By Courtney Vaughn | Hi-Desert Star

MORONGO BASIN — Until recently, local bobcats had few predators. They feasted on ground squirrels and cottontail rabbits, rarely encountering a creature of threat.

Booming pelt prices in countries like China and Russia have changed that.

Currently, three bobcat trappers are licensed in the Morongo Basin, according to the California Department of Fish and Wildlife. It is legal for them to hunt and trap bobcats on public, non-protected lands in California during a 69-day season from Nov. 24 to Jan. 31.

There is no limit to the number of cats a single person can legally trap each season. In the 2010-11 license year, nearly 1,200 bobcats were legally harvested in the state.

Some Morongo Basin residents are outraged at the hunting and trapping of local wildlife — animals that organizations have spent millions of dollars trying to protect.

One local licensed trapper sees it differently, and if he sets his traps right, he can literally make a killing.

Bobcat pelts can sell on the fur market for $80 to $1,700, according to the local trapper, who asked that his name be withheld because he feared retribution.

The man began trapping and killing bobcats nearly two years ago. He’s licensed, well aware of state regulations and happy to comply.

“Hunting and trapping is legal statewide on virtually all public land, but there are several exceptions and there are zones and restrictions for certain types of animals,” Andrew Hughan, a spokesman for the Department of Fish and Wildlife, said Tuesday. “It’s really, really complicated, and I actually feel for the hunters.”

Bobcat harvesting drew little attention until recently, when area residents began finding traps on and near their properties.

Tom O’Key, a local astronomer and conservation activist, was appalled to find a bobcat trap on his land abutting Joshua Tree National Park. O’Key removed the trap, called the county Sheriff’s Department and eventually spoke to the trapper.

“I found the trap night before last under a jojoba bush,” O’Key said last week. “I left a note saying the sheriff had been noticed and stay off my land.”

The trapper, who mistook O’Key’s property for public land, said Thursday that he does report each kill to the local Fish and Wildlife warden before he sends the pelts to the fur auction. The average bobcat pelt from the Morongo Basin will fetch $200 to $700 on the market, he said.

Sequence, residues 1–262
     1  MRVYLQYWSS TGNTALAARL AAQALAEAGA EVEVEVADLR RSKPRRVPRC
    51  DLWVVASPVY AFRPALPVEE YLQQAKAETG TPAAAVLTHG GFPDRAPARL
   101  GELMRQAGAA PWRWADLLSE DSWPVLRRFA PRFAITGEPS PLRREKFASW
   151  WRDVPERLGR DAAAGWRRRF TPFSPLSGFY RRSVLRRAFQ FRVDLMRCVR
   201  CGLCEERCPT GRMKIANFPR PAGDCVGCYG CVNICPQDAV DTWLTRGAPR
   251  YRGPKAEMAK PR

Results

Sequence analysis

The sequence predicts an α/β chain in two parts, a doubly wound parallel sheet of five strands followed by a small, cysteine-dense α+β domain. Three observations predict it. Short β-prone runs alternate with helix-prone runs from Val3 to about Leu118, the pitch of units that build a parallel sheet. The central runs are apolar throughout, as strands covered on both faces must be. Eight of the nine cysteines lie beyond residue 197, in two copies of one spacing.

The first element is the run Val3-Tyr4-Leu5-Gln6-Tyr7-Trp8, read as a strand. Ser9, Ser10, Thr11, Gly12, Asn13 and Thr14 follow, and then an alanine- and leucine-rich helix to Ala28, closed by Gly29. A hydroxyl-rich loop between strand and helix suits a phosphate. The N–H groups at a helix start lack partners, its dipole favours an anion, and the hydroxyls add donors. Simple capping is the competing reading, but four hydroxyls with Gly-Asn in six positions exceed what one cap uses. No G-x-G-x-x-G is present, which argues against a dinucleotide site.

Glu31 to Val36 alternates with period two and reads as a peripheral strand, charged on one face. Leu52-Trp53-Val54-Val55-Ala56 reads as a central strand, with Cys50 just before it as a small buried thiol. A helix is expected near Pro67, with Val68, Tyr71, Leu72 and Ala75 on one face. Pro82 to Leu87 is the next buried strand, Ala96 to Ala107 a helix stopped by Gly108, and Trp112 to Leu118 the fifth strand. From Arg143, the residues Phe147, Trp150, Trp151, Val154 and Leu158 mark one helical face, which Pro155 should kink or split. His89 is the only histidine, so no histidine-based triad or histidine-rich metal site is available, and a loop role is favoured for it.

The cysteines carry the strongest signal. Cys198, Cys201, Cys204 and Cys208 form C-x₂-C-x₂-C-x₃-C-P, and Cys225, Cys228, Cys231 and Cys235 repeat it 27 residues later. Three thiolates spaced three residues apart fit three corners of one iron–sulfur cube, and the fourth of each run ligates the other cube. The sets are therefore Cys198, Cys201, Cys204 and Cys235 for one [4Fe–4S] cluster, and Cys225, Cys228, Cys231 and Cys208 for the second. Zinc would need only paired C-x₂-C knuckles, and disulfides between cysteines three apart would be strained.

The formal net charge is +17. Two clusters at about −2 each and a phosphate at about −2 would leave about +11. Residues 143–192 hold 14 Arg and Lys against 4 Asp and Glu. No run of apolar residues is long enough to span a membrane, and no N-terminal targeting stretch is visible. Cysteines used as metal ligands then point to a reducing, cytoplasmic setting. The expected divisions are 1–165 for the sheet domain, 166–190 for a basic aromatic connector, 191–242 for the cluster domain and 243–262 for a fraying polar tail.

While most wildlife activists scoff at the trapper’s business, he reiterated his rights and compliance with the law.

“It’s in the trapper’s best interest not to decimate the bobcat population,” he said, insisting, “the area’s bobcat population is healthy; they have no natural predators here. There are more bobcats that die from old age than trapping.”

According to the North American Fur Auction website, the company expects increases in fur sales this year, with China being the largest consumer, followed by Russia and Korea. The company successfully sold muskrat, otter, fox and coyote pelts in 2012. The auction company notes that fur sales are down in Europe and North America, but the demand for fur trim remains strong in both regions.

The trapper declined to disclose the number of wild cats he catches in one season, but said among the nearly 30 traps he has placed throughout the Morongo Basin, he’s caught “more than expected” this year, noting a recent harvest of five cats in one night.

“It’s a hobby. I’ve learned more about predators and wildlife by trapping,” he said.

A local active-duty Marine, he said even if he wasn’t making a profit off the animals, he’d probably still be trapping.

“Bobcats are awesome animals,” he said.

It may be the only sentiment he shares with animal activists and conservationists.

He’s careful not to divulge too much about his practice, but he does want the public to know he numbers each of his traps and checks them every day, as required by law. He uses cages, not foothold traps, which are illegal in California.

He said he kills, or “dispatches,” all of the animals he traps almost immediately after finding them, usually with a rifle. He then must skin each one and treat the hides. For the self-described outdoorsman, it’s just part of the process and to him, it’s worth it. After he retires, he plans to continue to pursue the fur industry as a means of extra income for his family.

© Hi-Desert Star 2013

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